“Forget it,” she says.


“You’re not listening to me.” She pouts in this way so I can’t tell whether she’s serious or just being playful.

“I’m listening to you fine. Go ahead.”

She is suspicious. She puts the Black to her mouth again and inhales.

“Anyways, I was at a party and you were there with your friends. And you were all outside in the back. You and Julio were laughing when I walked up and it was about ten of you altogether.”

She hands me the Black and I take it slowly, listening without trying to look too intrigued. I can’t let her know her dreams interest me. Everything about her interests me, I admit that, but I can’t show it. I try sometimes, but then there’s always that damn voice asking Why? Why put yourself out there like that? Why give her the ammo? And I never really know what to say to that dude.

“I walked towards the door,” Cassie continues, “and you were all standing in a circle with some girl in the middle. She was giving one of the other guys head right there, I think Danny.”

I get a flash of my friend Danny, particularly the one night last summer when he and I and all the other boys went to Floyd’s across from FSU and convinced a few girls at the nightclub to come back to Julio’s apartment, at which point we continued drinking and smoking until things just blurred into a melting pot of colors and sensations and nausea. Eventually I left because I was too high and drunk to stay awake, but I heard the next day that Danny had managed to get one of the girls talking about anal sex during a game of truth or dare, which somehow led to him fucking her in the bathroom.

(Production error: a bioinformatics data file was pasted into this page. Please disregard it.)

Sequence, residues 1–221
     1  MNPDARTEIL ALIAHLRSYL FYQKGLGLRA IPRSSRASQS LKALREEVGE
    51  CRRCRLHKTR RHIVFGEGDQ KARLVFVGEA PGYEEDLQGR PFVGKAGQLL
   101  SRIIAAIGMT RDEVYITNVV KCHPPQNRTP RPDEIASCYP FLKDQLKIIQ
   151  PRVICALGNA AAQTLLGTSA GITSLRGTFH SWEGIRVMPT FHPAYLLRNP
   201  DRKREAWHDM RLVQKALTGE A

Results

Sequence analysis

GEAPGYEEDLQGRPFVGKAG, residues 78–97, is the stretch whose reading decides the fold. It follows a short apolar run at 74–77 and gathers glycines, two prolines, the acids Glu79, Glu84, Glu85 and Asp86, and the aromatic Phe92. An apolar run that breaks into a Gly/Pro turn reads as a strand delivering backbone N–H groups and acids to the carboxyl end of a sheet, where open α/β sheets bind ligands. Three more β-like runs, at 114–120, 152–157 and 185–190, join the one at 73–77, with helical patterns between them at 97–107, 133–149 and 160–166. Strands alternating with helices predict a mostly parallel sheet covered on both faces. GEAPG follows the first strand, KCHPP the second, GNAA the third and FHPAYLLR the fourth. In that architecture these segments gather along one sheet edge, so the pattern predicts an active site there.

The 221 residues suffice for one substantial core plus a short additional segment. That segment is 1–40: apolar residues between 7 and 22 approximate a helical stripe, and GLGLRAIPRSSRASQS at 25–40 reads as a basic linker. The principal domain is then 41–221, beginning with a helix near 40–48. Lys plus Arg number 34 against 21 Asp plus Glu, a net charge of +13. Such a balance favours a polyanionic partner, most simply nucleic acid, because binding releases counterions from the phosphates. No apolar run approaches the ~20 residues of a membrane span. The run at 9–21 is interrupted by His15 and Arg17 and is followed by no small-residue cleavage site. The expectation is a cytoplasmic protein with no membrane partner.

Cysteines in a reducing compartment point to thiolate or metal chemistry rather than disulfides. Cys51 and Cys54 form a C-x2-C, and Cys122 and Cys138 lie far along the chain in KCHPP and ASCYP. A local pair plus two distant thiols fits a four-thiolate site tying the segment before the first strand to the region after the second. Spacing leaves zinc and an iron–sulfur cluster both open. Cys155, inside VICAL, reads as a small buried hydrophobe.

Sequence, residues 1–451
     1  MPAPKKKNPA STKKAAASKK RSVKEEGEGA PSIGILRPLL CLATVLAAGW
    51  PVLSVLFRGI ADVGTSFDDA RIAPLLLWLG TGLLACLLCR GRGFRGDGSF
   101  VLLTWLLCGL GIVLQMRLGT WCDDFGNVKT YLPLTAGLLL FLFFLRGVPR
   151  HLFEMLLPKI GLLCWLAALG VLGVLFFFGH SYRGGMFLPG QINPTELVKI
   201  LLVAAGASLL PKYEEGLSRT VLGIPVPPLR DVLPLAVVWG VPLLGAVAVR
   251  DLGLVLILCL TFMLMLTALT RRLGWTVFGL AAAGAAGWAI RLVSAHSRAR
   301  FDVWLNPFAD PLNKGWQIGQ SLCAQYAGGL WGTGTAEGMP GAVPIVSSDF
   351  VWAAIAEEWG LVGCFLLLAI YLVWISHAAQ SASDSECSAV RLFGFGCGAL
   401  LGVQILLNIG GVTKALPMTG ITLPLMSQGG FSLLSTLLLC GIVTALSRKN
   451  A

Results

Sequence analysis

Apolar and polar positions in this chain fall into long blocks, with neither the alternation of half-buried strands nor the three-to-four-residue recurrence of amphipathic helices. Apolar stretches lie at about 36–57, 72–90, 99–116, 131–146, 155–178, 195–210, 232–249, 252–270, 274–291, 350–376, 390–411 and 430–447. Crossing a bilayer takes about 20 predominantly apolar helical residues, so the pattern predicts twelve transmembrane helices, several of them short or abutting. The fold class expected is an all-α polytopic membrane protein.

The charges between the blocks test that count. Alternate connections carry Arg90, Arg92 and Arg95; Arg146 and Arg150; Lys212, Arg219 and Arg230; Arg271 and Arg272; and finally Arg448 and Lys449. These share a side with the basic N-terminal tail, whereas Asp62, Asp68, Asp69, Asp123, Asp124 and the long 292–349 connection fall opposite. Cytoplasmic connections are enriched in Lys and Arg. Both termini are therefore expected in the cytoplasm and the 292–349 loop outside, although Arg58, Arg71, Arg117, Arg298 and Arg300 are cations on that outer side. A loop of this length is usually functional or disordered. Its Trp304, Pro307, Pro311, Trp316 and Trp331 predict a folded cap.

It all sounded a bit farfetched to me, like I can’t really believe that people do shit like that in real life. Then I remembered my own rap sheet: weekend in bed with a girl who turned out to be engaged, drunk ex-girlfriend dragging me outside a night club to blow me in a dirty alley, the Valentine’s Day lingerie party that somehow led to me and a friend having sex with the same girl, at the same time. I shudder and close my window a little.

“It was all of you though,” Cassie says, and I glance at her. “You were all in a circle and she was doing Danny, but you were all cheering for him and waiting your turn.” She peeks at me. “You were next.”

The smoke catches in my throat and I double over, letting out a hacking cough. The car swerves a little and I look up in time to pull it back over as another car approaches in the oncoming lane. I tap the brakes and Cassie glances from me to the road. I cough some more and feel her hand on my back, rubbing gently.

“You all right, babe?”

I look up with a smile and my coughing mellows out, slowly transforms to a chuckle, then full-blown laughter. Cassie stops rubbing my back, frowns and reaches for the Black and Mild in my hand. I pull away and take another drag, which burns in my cough-raw throat.

“It’s not funny,” she says, reaching further. “Gimme.” I exhale and hand her the Black.

“Was that all that happened?” I ask.